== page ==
Your credit score consists of a three-digit number determined through multiple financial factors. It is symbolic of your behavior in handling money and is one indication of financial health.
FICO and VantageScore are the two most common credit scoring models. Generated scores fall between 300 and 850, although the range of some models may differ. Experian’s model, for instance, starts at 200.
There are five classifications of credit scores: poor, fair, good, very good, and excellent. While there’s no such thing as the perfect credit score, having a good credit score means easier approval from financial institutions for ventures like buying a house or a car. It also means you’ll have more negotiating power when it comes to the terms of those loans.
According to FICO, a "good" score is between 670 to 739.
Read on to learn more about the factors that make up your credit score, and the types of accounts that can both help and hurt your score, as well as ways to boost your score.
What affects your credit score?
Five major factors determine your credit score.
One: Payment history. This is the most important factor in determining your credit score, accounting for 35 percent. It’s arguably the easiest factor you can pay attention to in order to improve or maintain your score.
Two: Amounts owed. Also known as credit utilization, this is the second-most significant factor in the calculation of your score. It accounts for 30 percent. This refers to how much credit you are using, specifically regarding credit cards or any lines of credit. Exceeding your pre-approved maximum limit can cost you. Experts recommend keeping your utilization under 30 percent.
Three: Credit history length. It takes time to build credit, but the longer your history, the more accurately banks and other lenders can establish your financial behavior as a borrower. Your credit history contains information about your oldest and newest credit accounts, both active and closed. This accounts for 15 percent of your overall score.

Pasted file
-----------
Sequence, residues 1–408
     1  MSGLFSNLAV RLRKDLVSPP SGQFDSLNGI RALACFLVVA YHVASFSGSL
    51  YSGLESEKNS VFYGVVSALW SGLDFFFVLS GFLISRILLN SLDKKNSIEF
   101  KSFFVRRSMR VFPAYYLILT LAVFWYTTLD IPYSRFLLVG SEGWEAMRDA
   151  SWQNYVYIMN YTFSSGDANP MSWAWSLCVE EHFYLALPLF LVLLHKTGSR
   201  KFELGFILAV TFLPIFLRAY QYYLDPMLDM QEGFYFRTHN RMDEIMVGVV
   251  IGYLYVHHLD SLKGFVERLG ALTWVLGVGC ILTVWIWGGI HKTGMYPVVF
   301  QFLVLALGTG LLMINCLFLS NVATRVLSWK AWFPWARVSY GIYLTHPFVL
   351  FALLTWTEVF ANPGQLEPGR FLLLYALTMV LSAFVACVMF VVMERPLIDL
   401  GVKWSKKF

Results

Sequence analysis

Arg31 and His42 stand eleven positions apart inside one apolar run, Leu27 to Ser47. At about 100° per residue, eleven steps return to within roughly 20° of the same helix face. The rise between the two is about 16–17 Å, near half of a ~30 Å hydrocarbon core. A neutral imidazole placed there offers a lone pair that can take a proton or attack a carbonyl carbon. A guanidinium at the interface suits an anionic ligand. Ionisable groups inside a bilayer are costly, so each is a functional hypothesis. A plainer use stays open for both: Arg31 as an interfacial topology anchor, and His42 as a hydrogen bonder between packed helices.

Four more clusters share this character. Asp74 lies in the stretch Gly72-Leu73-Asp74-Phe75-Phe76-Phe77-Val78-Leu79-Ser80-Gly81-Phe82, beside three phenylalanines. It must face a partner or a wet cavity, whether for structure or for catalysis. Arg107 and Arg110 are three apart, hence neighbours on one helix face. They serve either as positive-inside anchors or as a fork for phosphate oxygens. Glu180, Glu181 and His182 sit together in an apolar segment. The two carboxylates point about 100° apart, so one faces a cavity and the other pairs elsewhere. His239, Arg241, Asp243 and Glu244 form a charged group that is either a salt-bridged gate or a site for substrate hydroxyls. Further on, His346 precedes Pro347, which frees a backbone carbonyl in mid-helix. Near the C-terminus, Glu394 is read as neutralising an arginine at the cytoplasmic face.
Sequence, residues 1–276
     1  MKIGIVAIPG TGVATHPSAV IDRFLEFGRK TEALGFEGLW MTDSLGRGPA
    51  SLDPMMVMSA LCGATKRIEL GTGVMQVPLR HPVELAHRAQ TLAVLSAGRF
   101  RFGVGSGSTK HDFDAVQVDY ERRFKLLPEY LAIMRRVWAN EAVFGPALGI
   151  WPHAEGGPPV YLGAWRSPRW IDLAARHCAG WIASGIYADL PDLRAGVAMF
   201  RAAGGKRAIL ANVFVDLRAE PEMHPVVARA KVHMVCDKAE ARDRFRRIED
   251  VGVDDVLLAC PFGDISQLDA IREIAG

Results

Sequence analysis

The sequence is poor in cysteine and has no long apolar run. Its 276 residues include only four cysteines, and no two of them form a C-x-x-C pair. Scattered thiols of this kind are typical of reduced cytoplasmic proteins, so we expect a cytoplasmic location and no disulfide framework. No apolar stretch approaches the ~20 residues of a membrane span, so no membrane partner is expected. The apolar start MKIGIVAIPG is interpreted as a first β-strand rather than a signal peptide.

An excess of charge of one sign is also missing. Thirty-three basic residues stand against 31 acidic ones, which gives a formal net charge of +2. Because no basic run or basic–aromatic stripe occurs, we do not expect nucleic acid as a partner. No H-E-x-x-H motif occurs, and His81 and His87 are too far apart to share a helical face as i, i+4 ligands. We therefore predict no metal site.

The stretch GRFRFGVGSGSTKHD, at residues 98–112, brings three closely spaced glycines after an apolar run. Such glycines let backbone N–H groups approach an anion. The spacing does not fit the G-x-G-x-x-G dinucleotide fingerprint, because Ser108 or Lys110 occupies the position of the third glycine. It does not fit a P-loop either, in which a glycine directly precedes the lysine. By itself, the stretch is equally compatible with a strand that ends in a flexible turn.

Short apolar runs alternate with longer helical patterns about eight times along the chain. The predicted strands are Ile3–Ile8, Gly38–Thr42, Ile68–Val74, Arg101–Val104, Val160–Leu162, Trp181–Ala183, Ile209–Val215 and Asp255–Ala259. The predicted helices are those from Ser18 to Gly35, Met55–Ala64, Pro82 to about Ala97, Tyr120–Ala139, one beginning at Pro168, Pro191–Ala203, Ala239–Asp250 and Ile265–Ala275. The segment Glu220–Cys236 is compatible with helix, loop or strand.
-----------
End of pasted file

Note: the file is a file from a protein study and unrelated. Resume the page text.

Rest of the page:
Four: Credit mix. This means owning an array of credit types, such as car loans, credit cards, or a mortgage, and makes up 10 percent of your credit score.
Five: New credit. The final 10 percent of your score is new credit accounts. Whenever you submit an application and lenders make a hard inquiry (which is when a lender checks your credit), a note is made in your file.
Opening too many credit accounts, especially within a brief period, can damage your score. Do your research and only apply for the credit accounts that will serve you best.
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Remember that credit scores aren’t stagnant; they are dynamic and change according to your decisions.
Types of accounts that impact credit scores
The two main types of debt impacting your credit score are installment credit and revolving credit.
This usually refers to loans where you borrow a fixed amount of money, make monthly payments until you pay back the loan in full (also called installment loans). Mortgages, student loans, and personal loans are three well-known examples.
The most common type of revolving credit is a credit card. As the name suggests, revolving credit means you can continuously take out and spend a certain amount, making minimum payments each billing cycle. Once you pay off your balance, you can take out money once again, and so on.